Think of a classic item in your life.
Perhaps it is a song that defines your generation. Or maybe it is a life event that holds special meaning for you. We all have them. They are part of what makes life wonderful.
Why do classics matter in a security blog?
With the recent revelation that the LinkedIn breach was far worse than originally reported, we must reflect on the topic of classic passwords.
The LinkedIn breach dates as far back as 2012, yet LinkedIn has requested password changes of all members who first created their accounts at any time prior to 2014 – two years after the breach occurred.
Have you been using the same online passwords for more than two years? The fact that LinkedIn recognizes that many of their members have not changed their password in more than two years indicates that this is not a shocking revelation.
Why do we use the same passwords and never change them?
The answer is we stick to our standard passwords because, in most instances, they are “classics.”
Is your password named after your favorite sports team that “went all the way” in 2012? Or is it based on your child’s name or your favorite musical group? All of those are among the weakest password choices. However, they are so easy to remember that it is hard to resist the urge to use them, re-use them, and hold onto them forever.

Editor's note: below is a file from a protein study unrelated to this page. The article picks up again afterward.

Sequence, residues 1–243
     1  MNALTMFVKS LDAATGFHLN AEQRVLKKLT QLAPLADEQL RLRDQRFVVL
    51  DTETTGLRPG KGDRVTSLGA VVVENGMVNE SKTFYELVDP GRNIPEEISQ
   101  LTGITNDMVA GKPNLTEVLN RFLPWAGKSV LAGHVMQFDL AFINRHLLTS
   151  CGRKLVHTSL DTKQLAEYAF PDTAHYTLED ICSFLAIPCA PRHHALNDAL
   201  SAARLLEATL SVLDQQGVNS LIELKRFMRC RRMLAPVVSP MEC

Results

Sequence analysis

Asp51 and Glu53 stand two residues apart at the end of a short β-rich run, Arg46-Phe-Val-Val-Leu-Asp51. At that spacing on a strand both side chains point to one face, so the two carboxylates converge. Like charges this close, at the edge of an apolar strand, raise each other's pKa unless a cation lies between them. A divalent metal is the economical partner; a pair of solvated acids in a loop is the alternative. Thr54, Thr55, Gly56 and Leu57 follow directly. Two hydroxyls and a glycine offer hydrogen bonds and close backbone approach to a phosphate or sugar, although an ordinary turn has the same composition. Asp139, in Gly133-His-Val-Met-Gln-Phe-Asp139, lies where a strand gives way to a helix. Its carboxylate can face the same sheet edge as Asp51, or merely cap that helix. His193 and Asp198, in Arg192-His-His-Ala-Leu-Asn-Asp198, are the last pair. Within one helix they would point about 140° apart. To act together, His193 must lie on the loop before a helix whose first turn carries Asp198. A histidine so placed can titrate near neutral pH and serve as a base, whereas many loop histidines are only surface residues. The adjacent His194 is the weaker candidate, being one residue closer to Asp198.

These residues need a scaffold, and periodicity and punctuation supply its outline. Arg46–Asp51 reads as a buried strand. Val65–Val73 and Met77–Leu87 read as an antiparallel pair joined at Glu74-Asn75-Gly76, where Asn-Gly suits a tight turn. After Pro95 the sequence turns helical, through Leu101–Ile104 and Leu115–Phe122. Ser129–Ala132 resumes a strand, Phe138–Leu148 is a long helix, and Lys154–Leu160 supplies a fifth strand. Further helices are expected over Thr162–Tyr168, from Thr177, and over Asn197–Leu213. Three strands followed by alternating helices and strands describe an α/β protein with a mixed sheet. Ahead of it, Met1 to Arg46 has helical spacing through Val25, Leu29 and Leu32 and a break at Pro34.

Once again, it is time to seriously consider a password manager and two-step verification.
Authors, such as David Bisson, have written step-by-step instructions on how to set up two-step verification (2SV) on a variety of platforms.
Unfortunately, not all sites offer 2SV to users.
If your online accounts do not offer this additional layer of security, your only other choice is to change your passwords with greater frequency than the championship prospects of your favorite team.
I am a strong advocate of frequent password changes, though at least one highly respected security expert offers an alternate opinion on that idea. It is generally agreed that the use of the “classics” is never a good practice. Fortunately, the use of a password manager eliminates the problems of predictable passwords.
While many people will complain about how they do not want to use a password manager and trust all their passwords to a single entity, it is becoming more difficult to justify using those “classics” of which we are so fond.
Password managers and two-step verification – until something better comes along, this is the best way to protect your online accounts.
Editor’s Note: The opinions expressed in this guest author article are solely those of the contributor, and do not necessarily reflect those of Tripwire, Inc.